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Small in size but potent in firepower, the USS LCS 64 proved her mettle during the bloody battle for Okinawa when she shot down two enemy kamikaze suicide planes and aided in the rescue of 95 survivors from the USS BUSH (DD-529), which had been sunk by one of the human-bomb airplanes.
Exactly 28 days from the time her keel was laid until she was launched on 7 November 1944 was all the time that was needed to build the Landing Craft, Support (Large) at the Albina Engine & Machine Works, Inc., Portland, Oregon.† On 18 December she was commissioned under the command of Lieutenant Charles W. Fogg, USNR.
Departing from Portland the following day, the LCS 64 sailed south to San Diego to undergo shakedown training and then, when her crew was battle-ready, moved west to Pearl Harbor, arriving there on 20 February 1945.† She was placed in LCS(L) Group Eleven of LCS(L) Flotilla Four.
LCS 64 stopped at Eniwetok on 9 March and at Saipan on March 18th before departing with an invasion force for the Okinawa invasion.† As the Naval gunfire barrage lifted off the beaches on 1 April the assault waves moved forward accompanied by the LCS 64 which provided close inshore gunfire support.† However, when the landing craft were within a few yards of Sakibaru Saki, they turned and returned to sea.† The operation was only a feint to draw some of the enemy away from the true invasion area.
Following the establishment and expansion of the Okinawa beachhead, the battle for the island shifted to the air as the Japanese launched their suicide planes from the home islands against the American fleet.† The U.S. Navy plan called for the placing around the island of a number of picket stations to warn the main fleet of the arrival of the kamikaze planes.
To assist the larger ships in their own defense when on picket patrol, LCSs were designated radar picket support craft and were assigned to serve with the larger ships on the picket stations surrounding Okinawa.† They remained on station for ten days and then returned to Hagushi Anchorage for four days of reprovisioning and rearming.†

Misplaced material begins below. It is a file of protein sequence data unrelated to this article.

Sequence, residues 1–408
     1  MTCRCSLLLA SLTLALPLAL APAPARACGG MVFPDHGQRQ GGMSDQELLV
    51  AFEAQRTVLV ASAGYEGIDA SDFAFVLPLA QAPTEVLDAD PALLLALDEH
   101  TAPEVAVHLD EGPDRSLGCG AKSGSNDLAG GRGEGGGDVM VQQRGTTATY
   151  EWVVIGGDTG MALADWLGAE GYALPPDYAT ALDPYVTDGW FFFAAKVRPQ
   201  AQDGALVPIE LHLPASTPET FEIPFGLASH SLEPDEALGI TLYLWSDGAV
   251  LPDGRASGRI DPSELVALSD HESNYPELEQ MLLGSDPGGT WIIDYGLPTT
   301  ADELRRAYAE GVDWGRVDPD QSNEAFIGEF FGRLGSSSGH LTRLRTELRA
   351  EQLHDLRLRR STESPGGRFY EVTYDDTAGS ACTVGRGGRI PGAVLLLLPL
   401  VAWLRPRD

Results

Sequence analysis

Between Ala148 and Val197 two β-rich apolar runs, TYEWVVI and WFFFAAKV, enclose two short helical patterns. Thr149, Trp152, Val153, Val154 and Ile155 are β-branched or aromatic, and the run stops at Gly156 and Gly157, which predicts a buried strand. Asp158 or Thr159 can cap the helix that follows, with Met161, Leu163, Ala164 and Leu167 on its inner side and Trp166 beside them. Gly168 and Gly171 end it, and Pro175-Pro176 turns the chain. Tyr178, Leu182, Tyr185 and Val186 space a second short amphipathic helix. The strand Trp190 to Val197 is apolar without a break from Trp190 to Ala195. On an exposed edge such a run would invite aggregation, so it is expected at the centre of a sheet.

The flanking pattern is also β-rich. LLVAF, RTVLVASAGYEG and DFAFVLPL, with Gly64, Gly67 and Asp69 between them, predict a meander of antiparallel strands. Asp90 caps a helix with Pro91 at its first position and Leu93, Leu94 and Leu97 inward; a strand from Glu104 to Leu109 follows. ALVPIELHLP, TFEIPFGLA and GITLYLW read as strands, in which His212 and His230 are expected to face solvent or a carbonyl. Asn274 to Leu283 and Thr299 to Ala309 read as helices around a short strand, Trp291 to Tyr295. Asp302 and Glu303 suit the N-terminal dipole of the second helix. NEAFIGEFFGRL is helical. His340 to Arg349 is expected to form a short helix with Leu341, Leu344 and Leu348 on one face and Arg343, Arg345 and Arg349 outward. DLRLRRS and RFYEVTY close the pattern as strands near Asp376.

The LCS 64 was assigned to Radar Picket Station No. 1, which was 15 miles northwest of Iheya Jima, on 2 April 1945.† At 0400 the following day the LCS 64 splashed one enemy aircraft which was confirmed by the USS PRITCHETT (DD-561), also on duty at the station.† This splash was the first recorded by an LCS in combat.
The Japanese attempted to break the radar ring around the island on the 6th of April by concentrating their attack on picket stations 1 and 2.† The brunt of the attack was aimed at station 1 where the USS BUSH (DD-529) and the USS COLHOUN (DD-301) were on duty with LCS 64.
The sky was a veritable hornetís nest of kamikaze planes soon after the sun rose.† The BUSH shuddered as two planes hit her in succession and then four kamikaze pilots succeeded in penetrating the anti-aircraft barrage to crash in the COLHOUN.† †††††††† But the tiny LCS 64 evaded all attempts to end her life.† Twisting and turning in tight circles and zigzags, her six 40MM and two 20MM guns glowed with heat as they fired.† One enemy plane was downed before the horde went on for other targets.† Thus, LCS 64 splashed two planes while on her initial tour of duty on the picket station.† The 64 then started searching for survivors of the BUSH.† The COLHOUN, while severely damaged, was still afloat and fighting the raging fires.† Over 95 men from the BUSH were pulled aboard the LCS 64 before we headed back toward the anchorage.
By 10 July the island had been secured and the kamikaze attacks broken.† That day the 64, with the majority of LCS Flotilla Four departed from Okinawa for Tacloban, Leyte, Philippine Islands, for a temporary rest and training for the expected invasion of Japan.† She had spent 56 days and nights on Radar Picket duty.
The swift capitulation of Japan following the advent of the A-bomb eliminated the invasion, but LCS Flotilla Four, to which we belonged, was needed for occupation duty.† On 2 September the Flotilla sailed north to Tokyo Bay where the unit was placed under the Commander Fleet Activities, Yokosuka, who used the craft for picket, dispatch and utility duty.
Departing from Japan on 3 December the LCS 64 stopped at Pearl Harbor before continuing to the Panama Canal and then Green Cove Springs, Florida, where she was decommissioned in May 1946.
On 28 February 1949 her designation was changed to USS LSSL 64, or Landing Ship Support, Large.† Under the Mutual Defense Assistance Program, the LSSL 64 was transferred to the Republic of Italy in July 1951 and renamed SEGUGIO.
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